416,700 – 444,550 117,202.50 35 416,700
More than 444,550 126,650.00 39.6 444,550

Personal and Dependency Exemptions

Exemptions per person:

$4,050


Standard Deductions*

Single
Head of Household
Joint
*Extra Deduction if Blind or over 65
Single or head of household
All other statuses

$6,350
9,350
12,700

1,550
1,250


Individual Retirement Accounts

Generally, traditional IRA contributions are fully deductible unless you or your spouse is covered by a workplace retirement plan, in which case the following deduction phaseouts apply. If neither individual nor spouse is covered by a plan, you can deduct up to $5,500 each ot MAGI, whichever is less.

Traditional IRA: Deductability of Contributions
Status Modified Adjusted Gross Income Deduction
Married Filing Jointly* $0 – 99,000
99,000 – 119,000
More than 119,000
$5,500 Maximum
Partial
None
Single $0 – 62,000
62,000 – 72,000
More than 72,000
$5,500 Maximum
Partial
None
For Noncovered Spouse** $0 – 186,000
186,000 – 196,000
More than 196,000
$5,500 Maximum
Partial
None

*If neither individual or spouse is covered by a plan, you can deduct up to $5,500 each or MAGI, whichever is less.

**Applies to individuals whose spouses are covered by a workplace plan but are not covered themselves.

Roth IRA: Eligibility of Contributions
Contributions made to a Roth IRA are not deductible, unlike contributions made to a traditional IRA, and there is no age restriction on making contributions. An individual may contribute up to $5,500 to the Roth IRA, subject to income phase-out limits.

Status Adjusted Gross Income Deduction
Married $0 – 186,000
186,000 – 196,000
More than 196,000
$5,500 Maximum
Partial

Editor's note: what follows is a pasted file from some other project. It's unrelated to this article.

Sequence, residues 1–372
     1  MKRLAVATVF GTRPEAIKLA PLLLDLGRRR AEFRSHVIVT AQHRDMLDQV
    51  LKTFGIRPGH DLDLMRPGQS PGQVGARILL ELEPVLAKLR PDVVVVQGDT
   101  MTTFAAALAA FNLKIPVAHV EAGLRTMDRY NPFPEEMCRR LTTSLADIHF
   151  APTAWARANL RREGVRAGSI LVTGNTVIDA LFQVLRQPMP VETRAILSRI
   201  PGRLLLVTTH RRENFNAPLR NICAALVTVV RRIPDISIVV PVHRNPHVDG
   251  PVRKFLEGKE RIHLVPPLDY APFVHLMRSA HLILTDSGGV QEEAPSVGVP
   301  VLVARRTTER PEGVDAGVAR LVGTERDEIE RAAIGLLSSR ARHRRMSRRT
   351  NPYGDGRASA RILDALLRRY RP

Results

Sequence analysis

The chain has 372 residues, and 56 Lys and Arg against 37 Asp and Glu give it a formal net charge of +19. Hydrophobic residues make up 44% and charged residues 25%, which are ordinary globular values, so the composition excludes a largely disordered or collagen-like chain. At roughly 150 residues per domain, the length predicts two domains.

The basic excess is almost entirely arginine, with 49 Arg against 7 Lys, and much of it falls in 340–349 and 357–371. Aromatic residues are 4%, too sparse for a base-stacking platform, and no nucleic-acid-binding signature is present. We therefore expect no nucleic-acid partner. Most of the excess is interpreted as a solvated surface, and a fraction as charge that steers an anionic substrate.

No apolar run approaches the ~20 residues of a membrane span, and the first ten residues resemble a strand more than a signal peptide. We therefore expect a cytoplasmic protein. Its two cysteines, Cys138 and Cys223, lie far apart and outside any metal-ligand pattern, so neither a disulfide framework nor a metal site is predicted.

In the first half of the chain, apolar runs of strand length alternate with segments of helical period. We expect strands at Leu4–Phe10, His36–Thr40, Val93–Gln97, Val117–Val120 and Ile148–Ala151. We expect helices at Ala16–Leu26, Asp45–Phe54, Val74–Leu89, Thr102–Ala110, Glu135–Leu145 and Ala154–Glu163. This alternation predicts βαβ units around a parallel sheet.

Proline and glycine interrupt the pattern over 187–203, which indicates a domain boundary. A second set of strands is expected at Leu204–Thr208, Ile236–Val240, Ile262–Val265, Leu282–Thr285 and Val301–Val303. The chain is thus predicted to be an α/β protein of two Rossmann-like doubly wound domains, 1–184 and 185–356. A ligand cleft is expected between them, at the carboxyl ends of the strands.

None
Single $0 – 118,000
118,000 – 133,000
More than 133,000
$5,500 Maximum
Partial
None


Catch-Up Contributions
If you have either a traditional or a Roth IRA and attain age 50 or older during the tax year, an additional $1,000 may be contributed.

IRA & Roth Contribution
Maximum Contribution Catch-up Contribution
$5,500 $1,000

Trust and Estate Income Tax Rates

If taxable income is: Your tax is:
Not over $2,550 15% of taxable income
Over $2,550 to $6,000 $382.50 + 25% of the excess over $2,550
Over $6,000 to $9,150 $1,245 + 28% of the excess over $6,000
Over $9,150 to $12,500 $2,127 + 33% of the excess over $9,150
Over $12,500 $3,232.50 + 39.6% of the excess over $12,500


Education Planning

Education Credits

American Opportunity Credit (formerly Hope Credit)*

Up to 100% of the first $2,000 and 25% of the next $2,000 for a total of $2,500 maximum credit per eligible student per year. Reduction for MAGI between $80,000 - $90,000 for single filers and $160,000 - $180,000 for joint filers.

Lifetime Learning Credit

Up to 20% of the first $10,000 (per taxpayer) of qualified expenses paid in 2016. Reduction for MAGI between $56,000 - $66,000 for single filers and $112,000 - $132,000 for joint filers.


*Can be claimed for up to four years.

Student Loan Interest Deduction

Maximum Deduction

$2,500

MAGI Phase-Outs
     Married Filing Jointly
     Single


$135,000 – $165,500
$65,000 – $80,000


Tax Credits

Annual Exclusion for Gifts

2017

$14,000


The information provided in these web pages is based on internal and external sources believed reliable; however, the accuracy and completeness of the information is not guaranteed and the figures may have changed since the time of printing. Examples are hypothetical illustrations and not intended to reflect the actual performance of any particular security. Please consult your tax advisor for questions relating to your individual situation.